nep-age New Economics Papers
on Economics of Ageing
Issue of 2008‒01‒19
five papers chosen by
Claudia Villosio
LABORatorio R. Revelli

  1. Decision making and brand choice by older consumers By Laurent, Gilles
  2. Tax reform and retirement saving incentives: evidence from the introduction of stakeholder pensions in the UK By Richard Disney; Carl Emmerson; Matthew Wakefield
  3. What is a public sector pension worth? By Richard Disney; Carl Emmerson; Gemma Tetlow
  4. Better prepared for retirement? using panel data to improve wealth estimates of ELSA respondents By James Banks; Carl Emmerson; Gemma Tetlow
  5. Degrees of Development - How Geographic Latitude Sets the Pace of Industrialization and Demographic Change By Strulik, Holger

  1. By: Laurent, Gilles
    Abstract: Older adults constitute a rapidly growing demographic segment, but stereotypes persist about their consumer behavior. Thus, a more considered understanding of age-associated changes in decision making and choices is required. The authors's underlying theoretical model suggests that age-associated changes in cognition, affect, and goals interact to differentiate older consumers’ decision-making processes, brand choices, and habits from those of younger adults. They first review literature on stereotypes about the elderly and then turn to an analysis of age differences in the inputs (cognition, affect, and goals) and outputs (decisions, brand choices, and habits) of the choice process.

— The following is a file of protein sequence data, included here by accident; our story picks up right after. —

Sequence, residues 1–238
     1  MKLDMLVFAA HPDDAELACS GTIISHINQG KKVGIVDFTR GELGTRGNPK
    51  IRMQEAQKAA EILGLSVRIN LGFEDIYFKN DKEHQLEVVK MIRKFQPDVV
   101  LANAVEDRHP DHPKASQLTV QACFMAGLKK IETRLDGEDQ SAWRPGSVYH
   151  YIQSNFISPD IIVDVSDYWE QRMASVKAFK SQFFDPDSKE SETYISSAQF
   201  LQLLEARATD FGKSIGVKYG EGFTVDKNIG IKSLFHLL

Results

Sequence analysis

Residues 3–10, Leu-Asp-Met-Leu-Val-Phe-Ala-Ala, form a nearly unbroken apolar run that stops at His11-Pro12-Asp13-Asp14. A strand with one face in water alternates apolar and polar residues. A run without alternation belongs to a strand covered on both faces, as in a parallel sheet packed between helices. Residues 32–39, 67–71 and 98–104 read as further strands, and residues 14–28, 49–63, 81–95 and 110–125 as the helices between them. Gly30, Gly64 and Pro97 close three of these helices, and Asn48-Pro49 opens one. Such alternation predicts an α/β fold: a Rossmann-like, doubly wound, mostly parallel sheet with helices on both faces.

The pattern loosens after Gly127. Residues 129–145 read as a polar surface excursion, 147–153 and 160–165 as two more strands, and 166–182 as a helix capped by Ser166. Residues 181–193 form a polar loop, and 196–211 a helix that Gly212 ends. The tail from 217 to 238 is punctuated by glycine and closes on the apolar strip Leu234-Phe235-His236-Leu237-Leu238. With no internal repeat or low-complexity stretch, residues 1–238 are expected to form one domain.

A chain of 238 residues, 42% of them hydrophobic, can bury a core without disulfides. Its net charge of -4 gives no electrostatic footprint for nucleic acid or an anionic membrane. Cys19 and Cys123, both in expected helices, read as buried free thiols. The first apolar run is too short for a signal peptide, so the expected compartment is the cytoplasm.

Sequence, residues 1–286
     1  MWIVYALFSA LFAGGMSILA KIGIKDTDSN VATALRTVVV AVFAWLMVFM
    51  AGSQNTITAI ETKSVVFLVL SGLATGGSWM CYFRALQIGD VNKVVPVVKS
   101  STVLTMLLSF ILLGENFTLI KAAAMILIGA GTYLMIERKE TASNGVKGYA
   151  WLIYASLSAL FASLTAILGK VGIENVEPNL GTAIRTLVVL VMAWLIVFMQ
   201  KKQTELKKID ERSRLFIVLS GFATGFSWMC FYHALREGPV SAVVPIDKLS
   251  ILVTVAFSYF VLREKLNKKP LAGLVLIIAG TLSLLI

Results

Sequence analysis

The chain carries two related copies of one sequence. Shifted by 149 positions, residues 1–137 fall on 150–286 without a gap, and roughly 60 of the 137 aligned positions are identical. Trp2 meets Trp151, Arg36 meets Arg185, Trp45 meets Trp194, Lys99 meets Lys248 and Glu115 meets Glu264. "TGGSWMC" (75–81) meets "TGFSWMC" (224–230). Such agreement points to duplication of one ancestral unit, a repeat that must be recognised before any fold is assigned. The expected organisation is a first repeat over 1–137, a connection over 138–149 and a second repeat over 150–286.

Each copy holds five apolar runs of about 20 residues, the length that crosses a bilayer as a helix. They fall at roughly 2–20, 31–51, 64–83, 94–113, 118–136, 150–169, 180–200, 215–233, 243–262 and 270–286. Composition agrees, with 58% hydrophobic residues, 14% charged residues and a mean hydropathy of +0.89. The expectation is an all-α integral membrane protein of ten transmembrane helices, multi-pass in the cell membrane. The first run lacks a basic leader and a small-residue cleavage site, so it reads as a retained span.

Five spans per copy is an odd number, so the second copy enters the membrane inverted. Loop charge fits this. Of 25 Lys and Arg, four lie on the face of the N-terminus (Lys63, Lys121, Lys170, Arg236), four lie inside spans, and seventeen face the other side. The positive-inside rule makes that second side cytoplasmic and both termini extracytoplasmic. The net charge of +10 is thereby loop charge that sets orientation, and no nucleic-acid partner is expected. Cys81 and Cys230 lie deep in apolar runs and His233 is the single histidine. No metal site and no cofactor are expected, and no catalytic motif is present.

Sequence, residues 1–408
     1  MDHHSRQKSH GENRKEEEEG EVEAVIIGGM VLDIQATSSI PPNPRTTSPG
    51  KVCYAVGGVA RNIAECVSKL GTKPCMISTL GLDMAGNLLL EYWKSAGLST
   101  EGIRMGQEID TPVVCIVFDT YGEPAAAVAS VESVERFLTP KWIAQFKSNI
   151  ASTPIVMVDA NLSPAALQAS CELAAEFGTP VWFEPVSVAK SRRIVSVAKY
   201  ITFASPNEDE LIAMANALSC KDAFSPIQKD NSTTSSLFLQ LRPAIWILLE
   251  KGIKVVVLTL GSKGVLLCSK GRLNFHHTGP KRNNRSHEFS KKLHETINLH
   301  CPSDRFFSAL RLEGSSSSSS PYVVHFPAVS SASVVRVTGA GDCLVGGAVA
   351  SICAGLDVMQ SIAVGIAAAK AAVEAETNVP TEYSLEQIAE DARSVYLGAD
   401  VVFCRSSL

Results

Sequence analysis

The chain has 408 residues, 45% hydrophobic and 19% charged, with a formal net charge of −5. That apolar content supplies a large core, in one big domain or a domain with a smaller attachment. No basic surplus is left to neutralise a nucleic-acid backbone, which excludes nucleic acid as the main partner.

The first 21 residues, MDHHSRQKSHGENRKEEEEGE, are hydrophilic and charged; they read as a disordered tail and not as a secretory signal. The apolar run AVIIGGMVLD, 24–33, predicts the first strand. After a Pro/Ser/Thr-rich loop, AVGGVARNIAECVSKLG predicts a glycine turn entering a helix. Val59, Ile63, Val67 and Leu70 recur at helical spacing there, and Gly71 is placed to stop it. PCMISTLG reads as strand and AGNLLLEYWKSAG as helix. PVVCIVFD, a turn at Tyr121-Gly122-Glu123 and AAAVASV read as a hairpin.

Keywords: older consumers; decision making; choice
    JEL: D11 M31
    Date: 2007–10–01
  2. By: Richard Disney (Institute for Fiscal Studies and University of Nottingham); Carl Emmerson (Institute for Fiscal Studies); Matthew Wakefield (Institute for Fiscal Studies)
    Abstract: <p><p>Faced with ageing populations, OECD governments are seeking policies to increase individual retirement saving. In April 2001, the UK government introduced Stakeholder Pensions - a low cost retirement saving vehicle. The reform also changed the structure of tax-relieved contribution ceilings, increasing their generosity for lower earning individuals. We examine the impact of these changes on private pension coverage and on contributions to personal pension accounts using individual level micro data. </p></p>